I think it may be possible to increase bias in a linear regression model by adding bad features, but I can't think of an example that makes sense intuitively on the basis of the bias-variance decomposition. For instance, using the formulation of bias variance decomposition here, the square bias term is $(\bar g(x) - f(x))^2$. I can't think of a scenario where this term would increase when adding an extra feature, since I think adding a bad feature would force its associated parameter to be zero for both $\bar g$ and $f$.


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    $\begingroup$ It’s important for you to say what you mean by features vs parameters. That could allow for a misconception on your part to be clarified. $\endgroup$
    – Dave
    Dec 27, 2020 at 17:36
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    $\begingroup$ Bias of what (i.e., which estimator in the linear regression are you afraid will be biased)? $\endgroup$
    – Ben
    Dec 27, 2020 at 22:22

1 Answer 1


I wrote a paper about this. An early version of it is on arxiv here: https://arxiv.org/abs/2003.08449 (edit: The full published version is now available open access here: https://journals.sagepub.com/doi/full/10.1177/0962280221995963).

The short of it is yes under some conditions. Namely, there has to be some bias already in the model. If you model is already biased then bias can be increase by adding variables.

As an example, suppose we are interested in the effect of some treatment $A$ on the outcome $Y$. For simplicity, say this effect is just the regression coefficient $\beta$. Bias will be with respect to this parameter. The easiest way to increase the bias of the estimate of $\beta$, $\hat{\beta}$ is by adding variables which explain much of the variation in the treatment ($A$) and very little variation in the outcome ($Y$), except through $A$ of course.

The reason that this happens is due to the geometry of least squares. By the FWL theorem, we can always think of estimates from multivariate regression as equivalent to the estimate from a simple regression of:

  1. The residuals of the outcome from the regression of $Y$ on all the control variables and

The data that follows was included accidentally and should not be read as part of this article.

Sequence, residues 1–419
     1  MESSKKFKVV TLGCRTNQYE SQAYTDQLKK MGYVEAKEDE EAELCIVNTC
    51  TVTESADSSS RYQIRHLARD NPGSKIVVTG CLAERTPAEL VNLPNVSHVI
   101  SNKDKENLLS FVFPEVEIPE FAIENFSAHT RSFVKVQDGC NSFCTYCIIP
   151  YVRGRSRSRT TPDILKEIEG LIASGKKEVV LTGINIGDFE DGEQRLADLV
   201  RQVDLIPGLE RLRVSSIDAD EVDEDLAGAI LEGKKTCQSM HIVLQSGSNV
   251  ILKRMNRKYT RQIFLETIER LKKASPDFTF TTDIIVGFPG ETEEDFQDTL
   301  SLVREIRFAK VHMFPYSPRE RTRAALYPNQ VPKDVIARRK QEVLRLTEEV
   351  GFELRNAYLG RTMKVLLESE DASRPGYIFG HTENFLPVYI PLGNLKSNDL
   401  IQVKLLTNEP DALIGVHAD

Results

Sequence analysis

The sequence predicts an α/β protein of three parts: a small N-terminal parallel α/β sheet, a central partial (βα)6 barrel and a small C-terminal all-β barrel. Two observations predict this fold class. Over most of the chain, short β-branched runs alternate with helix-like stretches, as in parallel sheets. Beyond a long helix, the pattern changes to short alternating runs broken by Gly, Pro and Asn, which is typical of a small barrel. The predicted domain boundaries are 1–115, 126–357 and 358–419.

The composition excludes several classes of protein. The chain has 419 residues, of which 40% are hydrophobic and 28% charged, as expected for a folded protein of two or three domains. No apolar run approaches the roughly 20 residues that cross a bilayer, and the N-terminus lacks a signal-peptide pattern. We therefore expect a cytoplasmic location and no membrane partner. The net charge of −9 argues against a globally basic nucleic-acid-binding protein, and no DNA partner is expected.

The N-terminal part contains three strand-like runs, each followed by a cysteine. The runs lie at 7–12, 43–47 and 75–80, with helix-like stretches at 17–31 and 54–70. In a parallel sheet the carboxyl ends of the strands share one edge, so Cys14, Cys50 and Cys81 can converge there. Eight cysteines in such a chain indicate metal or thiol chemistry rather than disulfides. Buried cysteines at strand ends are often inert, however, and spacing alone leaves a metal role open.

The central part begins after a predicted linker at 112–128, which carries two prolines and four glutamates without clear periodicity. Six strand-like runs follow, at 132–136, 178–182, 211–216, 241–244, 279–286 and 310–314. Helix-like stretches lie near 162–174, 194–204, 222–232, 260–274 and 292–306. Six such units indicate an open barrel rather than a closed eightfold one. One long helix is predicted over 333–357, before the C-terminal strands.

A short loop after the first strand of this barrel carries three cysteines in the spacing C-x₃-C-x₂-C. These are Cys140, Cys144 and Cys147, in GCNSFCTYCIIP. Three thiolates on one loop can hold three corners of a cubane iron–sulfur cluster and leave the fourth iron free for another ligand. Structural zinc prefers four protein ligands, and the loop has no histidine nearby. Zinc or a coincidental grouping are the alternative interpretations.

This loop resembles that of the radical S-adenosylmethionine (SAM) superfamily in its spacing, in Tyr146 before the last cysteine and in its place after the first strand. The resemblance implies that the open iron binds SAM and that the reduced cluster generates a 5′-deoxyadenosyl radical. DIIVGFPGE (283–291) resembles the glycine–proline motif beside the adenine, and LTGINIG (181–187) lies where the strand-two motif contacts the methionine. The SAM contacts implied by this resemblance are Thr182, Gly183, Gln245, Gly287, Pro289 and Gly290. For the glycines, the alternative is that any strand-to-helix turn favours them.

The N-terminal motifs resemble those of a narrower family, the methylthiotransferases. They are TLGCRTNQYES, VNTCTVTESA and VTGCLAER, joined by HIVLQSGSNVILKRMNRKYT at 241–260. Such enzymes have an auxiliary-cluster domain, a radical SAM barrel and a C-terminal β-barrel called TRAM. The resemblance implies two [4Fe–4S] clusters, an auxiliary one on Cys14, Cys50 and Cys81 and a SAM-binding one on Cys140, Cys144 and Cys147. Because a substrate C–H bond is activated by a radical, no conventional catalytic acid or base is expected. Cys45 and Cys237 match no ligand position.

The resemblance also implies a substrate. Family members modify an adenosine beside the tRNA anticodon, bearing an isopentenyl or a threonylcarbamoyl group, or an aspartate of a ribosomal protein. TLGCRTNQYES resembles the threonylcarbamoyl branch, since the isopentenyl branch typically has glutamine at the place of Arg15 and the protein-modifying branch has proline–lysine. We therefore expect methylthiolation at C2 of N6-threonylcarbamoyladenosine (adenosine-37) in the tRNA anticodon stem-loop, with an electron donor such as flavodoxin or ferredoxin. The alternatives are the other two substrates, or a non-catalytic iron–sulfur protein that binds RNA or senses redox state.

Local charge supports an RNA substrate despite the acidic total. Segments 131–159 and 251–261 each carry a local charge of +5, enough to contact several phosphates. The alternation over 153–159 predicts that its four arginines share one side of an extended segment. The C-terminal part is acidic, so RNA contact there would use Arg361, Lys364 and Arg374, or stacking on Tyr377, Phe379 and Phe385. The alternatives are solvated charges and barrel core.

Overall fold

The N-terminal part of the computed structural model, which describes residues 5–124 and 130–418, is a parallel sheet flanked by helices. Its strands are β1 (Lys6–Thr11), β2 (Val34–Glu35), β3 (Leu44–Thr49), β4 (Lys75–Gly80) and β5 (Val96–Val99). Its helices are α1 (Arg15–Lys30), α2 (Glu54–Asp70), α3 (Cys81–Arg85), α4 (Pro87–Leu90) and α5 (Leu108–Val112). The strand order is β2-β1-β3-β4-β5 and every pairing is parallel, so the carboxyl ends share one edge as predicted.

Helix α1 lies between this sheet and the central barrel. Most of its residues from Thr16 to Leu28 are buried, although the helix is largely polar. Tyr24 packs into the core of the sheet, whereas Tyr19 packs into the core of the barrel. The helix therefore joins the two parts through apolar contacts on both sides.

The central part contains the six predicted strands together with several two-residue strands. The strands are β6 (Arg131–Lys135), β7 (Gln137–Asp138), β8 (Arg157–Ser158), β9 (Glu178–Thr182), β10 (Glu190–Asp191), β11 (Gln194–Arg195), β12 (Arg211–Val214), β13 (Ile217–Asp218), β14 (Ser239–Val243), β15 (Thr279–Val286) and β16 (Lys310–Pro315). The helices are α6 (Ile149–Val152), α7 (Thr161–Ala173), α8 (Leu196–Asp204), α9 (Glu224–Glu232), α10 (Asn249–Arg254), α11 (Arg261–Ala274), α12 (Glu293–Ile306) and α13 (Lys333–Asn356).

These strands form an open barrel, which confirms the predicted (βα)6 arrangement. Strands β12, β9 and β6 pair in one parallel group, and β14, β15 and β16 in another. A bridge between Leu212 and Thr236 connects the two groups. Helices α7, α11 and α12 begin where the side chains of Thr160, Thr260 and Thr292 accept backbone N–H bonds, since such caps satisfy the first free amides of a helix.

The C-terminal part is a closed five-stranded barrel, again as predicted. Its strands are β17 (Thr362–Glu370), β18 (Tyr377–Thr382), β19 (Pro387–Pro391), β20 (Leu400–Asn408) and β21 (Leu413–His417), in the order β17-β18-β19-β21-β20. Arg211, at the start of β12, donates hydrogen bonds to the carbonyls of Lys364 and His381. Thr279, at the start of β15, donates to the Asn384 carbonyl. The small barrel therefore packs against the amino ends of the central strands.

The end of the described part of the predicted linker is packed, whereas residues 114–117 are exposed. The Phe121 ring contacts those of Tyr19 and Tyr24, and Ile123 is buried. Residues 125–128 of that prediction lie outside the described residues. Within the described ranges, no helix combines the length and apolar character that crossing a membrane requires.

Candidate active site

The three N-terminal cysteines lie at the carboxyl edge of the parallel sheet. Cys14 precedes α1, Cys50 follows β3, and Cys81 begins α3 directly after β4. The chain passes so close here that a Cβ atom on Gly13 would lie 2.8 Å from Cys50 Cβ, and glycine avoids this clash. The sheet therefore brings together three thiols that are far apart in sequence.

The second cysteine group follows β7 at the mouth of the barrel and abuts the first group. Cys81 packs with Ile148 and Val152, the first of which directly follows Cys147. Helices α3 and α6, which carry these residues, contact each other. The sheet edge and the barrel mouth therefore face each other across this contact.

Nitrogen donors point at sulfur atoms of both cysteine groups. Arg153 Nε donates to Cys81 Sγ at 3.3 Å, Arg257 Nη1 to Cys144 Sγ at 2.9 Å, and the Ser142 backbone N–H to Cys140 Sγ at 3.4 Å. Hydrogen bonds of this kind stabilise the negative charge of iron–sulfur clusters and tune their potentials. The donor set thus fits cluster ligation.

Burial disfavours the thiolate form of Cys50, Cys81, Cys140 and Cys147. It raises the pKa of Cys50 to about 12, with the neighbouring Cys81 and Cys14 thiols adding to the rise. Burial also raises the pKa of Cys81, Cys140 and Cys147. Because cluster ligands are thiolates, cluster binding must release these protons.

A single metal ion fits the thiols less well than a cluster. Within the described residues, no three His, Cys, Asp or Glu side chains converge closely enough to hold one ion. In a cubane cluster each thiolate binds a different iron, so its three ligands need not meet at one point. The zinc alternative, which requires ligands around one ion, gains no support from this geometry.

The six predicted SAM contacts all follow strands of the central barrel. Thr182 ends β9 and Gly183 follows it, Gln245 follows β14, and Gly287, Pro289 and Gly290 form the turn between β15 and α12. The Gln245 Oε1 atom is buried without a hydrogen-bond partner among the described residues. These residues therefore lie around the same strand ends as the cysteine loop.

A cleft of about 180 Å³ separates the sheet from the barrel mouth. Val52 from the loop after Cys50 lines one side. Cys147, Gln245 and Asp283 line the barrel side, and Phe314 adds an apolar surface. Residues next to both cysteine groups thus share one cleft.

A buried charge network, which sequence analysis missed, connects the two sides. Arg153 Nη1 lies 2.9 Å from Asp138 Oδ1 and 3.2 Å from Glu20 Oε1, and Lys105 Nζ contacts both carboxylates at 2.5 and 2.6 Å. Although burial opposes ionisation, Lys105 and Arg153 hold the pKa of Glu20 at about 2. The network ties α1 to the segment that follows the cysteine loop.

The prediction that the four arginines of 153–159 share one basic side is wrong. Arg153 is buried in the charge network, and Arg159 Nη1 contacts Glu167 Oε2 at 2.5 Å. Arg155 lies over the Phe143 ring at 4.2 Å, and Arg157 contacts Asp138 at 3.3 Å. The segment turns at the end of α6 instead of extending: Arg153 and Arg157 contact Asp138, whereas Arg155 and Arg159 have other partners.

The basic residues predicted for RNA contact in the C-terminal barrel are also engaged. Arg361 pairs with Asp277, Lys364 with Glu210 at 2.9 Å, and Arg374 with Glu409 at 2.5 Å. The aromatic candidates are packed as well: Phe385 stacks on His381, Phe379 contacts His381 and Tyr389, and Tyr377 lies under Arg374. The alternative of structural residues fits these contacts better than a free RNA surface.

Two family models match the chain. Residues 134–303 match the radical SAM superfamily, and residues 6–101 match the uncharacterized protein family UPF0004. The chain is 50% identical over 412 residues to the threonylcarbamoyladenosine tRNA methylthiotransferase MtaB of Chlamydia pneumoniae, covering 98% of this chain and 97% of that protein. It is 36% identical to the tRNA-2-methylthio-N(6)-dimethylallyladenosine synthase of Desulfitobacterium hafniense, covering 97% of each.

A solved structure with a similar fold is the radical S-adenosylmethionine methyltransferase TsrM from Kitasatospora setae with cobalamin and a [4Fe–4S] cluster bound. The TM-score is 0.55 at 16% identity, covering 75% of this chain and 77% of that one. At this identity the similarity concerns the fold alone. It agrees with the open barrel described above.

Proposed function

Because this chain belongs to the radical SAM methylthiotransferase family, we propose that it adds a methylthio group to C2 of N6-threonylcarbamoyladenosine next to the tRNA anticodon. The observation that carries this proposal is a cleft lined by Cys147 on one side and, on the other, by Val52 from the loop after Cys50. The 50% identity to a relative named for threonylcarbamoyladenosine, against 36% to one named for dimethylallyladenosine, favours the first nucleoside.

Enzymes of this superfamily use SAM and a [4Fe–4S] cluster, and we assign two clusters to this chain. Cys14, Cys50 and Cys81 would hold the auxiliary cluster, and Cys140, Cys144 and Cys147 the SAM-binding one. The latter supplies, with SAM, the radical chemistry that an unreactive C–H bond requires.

2. The residuals of the treatment from the regression of $A$ on all the control variables

Suppose we have a variable which only has an effect on $Y$ through $A$ (an instrumental variable) and there are no interactions. When we add this variable to the regression, whatever direction the old estimate was relative to the truth gets amplified (see figure 4 in the above paper for a graph of what this looks like).

In general, a variable can cause bias amplification even if it does explain some variance of the outcome not through the treatment. In these cases, including a variable is a trade-off. By including it you remove the bias do to excluding said variable, but you also amplify the bias of the remaining biases. Whether or not there is bias amplification in the end depends on which effect is stronger. In extreme cases, especially those where there are plenty of control variables already, the amplification effect can tend to dominate because the amplification effect is hyperbolic and always in the same direction. The effect of removing omitted variable bias on the other hand is linear in these settings and may go in either direction.

There is a small literature of papers looking at these effects. The original two which investigated pure instruments are

i) Pearl (2011) https://ftp.cs.ucla.edu/pub/stat_ser/r386.pdf
ii) Wooldridge (2006) http://econ.msu.edu/faculty/wooldridge/docs/treat1r6.pdf

But has since been extended to a slightly broader class of models and under more flexible conditions.

To your point about bias-variance trade-off. In most cases, the variance will also increase when you have bias amplification as well unfortunately.


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